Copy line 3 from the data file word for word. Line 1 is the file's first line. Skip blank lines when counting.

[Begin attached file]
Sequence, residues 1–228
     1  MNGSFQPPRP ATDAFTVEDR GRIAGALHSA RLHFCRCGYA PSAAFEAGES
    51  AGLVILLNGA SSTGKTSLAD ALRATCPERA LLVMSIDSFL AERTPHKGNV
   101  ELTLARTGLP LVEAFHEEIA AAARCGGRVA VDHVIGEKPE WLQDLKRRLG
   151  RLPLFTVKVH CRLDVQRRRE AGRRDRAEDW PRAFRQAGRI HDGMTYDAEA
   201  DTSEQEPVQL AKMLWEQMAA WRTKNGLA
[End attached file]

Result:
    51  AGLVILLNGA SSTGKTSLAD ALRATCPERA LLVMSIDSFL AERTPHKGNV